How four colleges teamed up to buy solar power

All four institutions will mitigate 100% of electricity-related emissions
By: | February 24, 2020
A partnership will enable all four institutions―Lehigh University, Lafayette College, Muhlenberg College and Dickinson College―to mitigate 100% of their emissions associated with electricity consumption.A partnership will enable all four institutions―Lehigh University, Lafayette College, Muhlenberg College and Dickinson College―to mitigate 100% of their emissions associated with electricity consumption.

Four Pennsylvania schools will reach carbon neutrality together thanks to a purchasing collective they’ve formed to buy solar power.

Dickinson College, Lehigh University, Lafayette College and Muhlenberg College will purchase the largest amount of solar power of any group of independent colleges in the nation, according to a statement released by the schools.

The schools’ leaders have signed a 15-year “virtual power purchase agreement” to buy energy generated by a 200+ acre solar farm in Texas. Such ventures have been rare in higher education, the schools said.

“This year, Dickinson achieved its carbon neutrality goal, but we can’t stop there,” Dickinson College President Margee M. Ensign said in a statement.” Colleges and universities must continue innovating and leading in this area.”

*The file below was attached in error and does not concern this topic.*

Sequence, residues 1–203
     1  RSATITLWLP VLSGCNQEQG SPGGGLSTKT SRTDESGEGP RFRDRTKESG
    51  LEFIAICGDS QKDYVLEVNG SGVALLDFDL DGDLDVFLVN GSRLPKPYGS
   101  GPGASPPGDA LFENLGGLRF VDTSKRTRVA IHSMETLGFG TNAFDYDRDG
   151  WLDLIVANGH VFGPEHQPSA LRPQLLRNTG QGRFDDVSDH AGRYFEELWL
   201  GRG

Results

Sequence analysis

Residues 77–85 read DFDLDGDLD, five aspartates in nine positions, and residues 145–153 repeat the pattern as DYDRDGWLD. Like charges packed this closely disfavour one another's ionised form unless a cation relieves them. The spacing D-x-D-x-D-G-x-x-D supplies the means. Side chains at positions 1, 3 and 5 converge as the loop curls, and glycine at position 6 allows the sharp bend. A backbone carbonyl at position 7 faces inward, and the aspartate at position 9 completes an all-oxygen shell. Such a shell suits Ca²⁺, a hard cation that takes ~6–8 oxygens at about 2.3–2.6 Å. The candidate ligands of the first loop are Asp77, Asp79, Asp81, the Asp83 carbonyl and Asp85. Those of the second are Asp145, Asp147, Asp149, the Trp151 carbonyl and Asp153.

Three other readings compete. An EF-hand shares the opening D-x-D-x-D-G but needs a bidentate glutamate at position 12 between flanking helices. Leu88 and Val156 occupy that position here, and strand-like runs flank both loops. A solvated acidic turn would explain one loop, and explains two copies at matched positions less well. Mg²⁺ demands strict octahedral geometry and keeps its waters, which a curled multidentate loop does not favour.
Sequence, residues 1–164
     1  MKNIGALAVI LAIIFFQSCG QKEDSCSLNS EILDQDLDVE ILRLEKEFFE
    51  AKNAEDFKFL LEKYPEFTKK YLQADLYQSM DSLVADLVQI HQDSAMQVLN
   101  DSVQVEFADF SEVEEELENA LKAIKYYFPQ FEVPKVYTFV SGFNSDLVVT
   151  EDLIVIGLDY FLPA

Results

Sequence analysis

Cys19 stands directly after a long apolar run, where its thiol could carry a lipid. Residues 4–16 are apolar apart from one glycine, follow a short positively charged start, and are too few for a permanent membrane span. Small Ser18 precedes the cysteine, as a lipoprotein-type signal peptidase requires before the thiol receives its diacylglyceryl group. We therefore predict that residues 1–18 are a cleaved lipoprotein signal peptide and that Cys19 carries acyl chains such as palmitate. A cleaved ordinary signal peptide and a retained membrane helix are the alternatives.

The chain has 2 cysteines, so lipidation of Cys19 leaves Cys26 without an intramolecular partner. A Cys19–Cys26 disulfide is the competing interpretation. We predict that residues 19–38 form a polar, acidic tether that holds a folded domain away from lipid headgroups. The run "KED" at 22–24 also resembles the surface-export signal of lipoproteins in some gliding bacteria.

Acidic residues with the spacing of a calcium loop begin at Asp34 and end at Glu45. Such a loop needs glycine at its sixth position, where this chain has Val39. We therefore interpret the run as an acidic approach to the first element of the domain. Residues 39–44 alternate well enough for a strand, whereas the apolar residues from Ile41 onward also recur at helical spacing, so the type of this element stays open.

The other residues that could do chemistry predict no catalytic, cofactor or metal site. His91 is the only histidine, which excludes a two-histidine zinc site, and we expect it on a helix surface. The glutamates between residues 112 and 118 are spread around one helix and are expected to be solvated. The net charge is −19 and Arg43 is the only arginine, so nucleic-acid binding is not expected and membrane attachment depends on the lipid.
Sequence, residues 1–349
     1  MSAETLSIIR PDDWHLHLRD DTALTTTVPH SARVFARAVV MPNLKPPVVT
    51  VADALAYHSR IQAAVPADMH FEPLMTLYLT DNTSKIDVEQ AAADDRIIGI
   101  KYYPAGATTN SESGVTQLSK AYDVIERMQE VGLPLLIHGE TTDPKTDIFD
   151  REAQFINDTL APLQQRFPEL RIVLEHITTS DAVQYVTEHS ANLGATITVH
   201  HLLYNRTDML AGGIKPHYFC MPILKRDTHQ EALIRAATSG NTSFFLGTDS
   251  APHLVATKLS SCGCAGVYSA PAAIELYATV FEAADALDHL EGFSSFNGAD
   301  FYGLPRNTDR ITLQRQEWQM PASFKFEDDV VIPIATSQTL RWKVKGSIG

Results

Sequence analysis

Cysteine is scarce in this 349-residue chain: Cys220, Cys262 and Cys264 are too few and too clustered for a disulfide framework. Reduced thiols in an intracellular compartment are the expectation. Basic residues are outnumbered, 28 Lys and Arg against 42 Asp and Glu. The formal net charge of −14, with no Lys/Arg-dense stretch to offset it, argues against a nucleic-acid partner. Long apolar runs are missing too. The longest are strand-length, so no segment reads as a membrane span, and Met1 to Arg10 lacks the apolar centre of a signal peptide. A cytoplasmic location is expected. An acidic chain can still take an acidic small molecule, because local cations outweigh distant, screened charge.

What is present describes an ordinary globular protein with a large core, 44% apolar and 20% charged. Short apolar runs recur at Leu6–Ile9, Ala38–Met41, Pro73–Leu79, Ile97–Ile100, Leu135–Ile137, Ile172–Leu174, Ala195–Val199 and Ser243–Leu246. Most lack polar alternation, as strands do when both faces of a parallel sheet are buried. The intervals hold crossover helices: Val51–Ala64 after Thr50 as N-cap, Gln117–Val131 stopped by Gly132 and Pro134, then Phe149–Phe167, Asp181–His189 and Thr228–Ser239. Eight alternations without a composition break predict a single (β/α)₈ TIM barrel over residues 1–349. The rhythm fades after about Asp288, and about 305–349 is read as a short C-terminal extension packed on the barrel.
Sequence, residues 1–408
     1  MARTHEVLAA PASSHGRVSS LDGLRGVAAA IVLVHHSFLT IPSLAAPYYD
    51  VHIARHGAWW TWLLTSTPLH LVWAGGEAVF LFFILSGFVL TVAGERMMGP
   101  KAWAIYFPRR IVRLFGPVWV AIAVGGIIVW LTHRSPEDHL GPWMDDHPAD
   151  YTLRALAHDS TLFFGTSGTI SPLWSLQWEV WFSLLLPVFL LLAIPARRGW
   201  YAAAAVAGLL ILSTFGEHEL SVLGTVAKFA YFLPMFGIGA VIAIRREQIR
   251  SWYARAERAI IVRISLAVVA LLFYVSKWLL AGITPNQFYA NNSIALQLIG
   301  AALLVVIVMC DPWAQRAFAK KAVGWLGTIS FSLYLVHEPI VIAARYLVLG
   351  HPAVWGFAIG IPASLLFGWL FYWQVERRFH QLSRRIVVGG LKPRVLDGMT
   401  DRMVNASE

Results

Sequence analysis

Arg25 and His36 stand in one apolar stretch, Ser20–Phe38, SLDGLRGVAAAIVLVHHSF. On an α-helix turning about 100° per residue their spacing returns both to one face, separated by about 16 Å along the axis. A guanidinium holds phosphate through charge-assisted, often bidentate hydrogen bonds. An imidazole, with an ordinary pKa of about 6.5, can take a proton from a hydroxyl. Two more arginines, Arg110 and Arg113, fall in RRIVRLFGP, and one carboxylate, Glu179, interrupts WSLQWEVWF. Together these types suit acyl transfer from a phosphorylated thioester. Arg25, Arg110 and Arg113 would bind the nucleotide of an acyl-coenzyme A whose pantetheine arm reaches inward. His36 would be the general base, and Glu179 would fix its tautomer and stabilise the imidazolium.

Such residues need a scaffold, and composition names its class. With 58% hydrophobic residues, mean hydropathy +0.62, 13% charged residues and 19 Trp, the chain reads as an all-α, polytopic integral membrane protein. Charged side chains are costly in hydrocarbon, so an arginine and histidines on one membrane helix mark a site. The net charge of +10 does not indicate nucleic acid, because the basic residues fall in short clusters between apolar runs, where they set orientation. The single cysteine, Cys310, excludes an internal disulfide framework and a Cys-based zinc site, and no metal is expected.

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The 45.9 megawatts of power the schools will buy will prevent over 70,000 metric tons of carbon emissions each year—equivalent to removing over 15,000 cars from the road. The schools will also have access to real-time data from the solar farm for research purposes.

“This is a momentous step that helps move us toward our 2035 carbon neutrality goal,” said Lafayette College President Alison Byerly. “This effort alone will reduce our greenhouse gas emissions by 47 percent as we continue to explore energy conservation initiatives.”

About 40 of the nation’s approximately 4,200 colleges and universities that have launched large-scale renewable energy projects in recent years, says Kristine Yahna Todaro
Muhlenberg‘s director of news & media relations.

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Earlier this year, Colorado College says it became the first higher ed institution in the Rocky Mountain region to achieve carbon neutrality, even while increasing its building footprint by more than 10%.


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The college buys fewer carbon offsets than any other U.S campus, which means carbon neutrality has been achieved primarily by steep reductions in the campus’s carbon footprint, the school said in a news release.

Colorado College’s Tutt Library also became the nation’s largest net-zero-energy academic library thanks to an underground geothermal energy project and major renovations.

And in April 2019, Colgate University became the first college in New York to reduce its net carbon emissions to zero. Over the last 10 years, the college has installed solar arrays and geothermal heating and cooling systems; achieved LEED certifications on several buildings; set its own green building standards; and purchased carbon offsets for employee travel.

In 2018, five New England colleges—Amherst, Hampshire, Smith and Williams in western Massachusetts, along with Bowdoin in Maine—also combined their buying power to launch a solar farm in Farmington, Maine, University Business reported.


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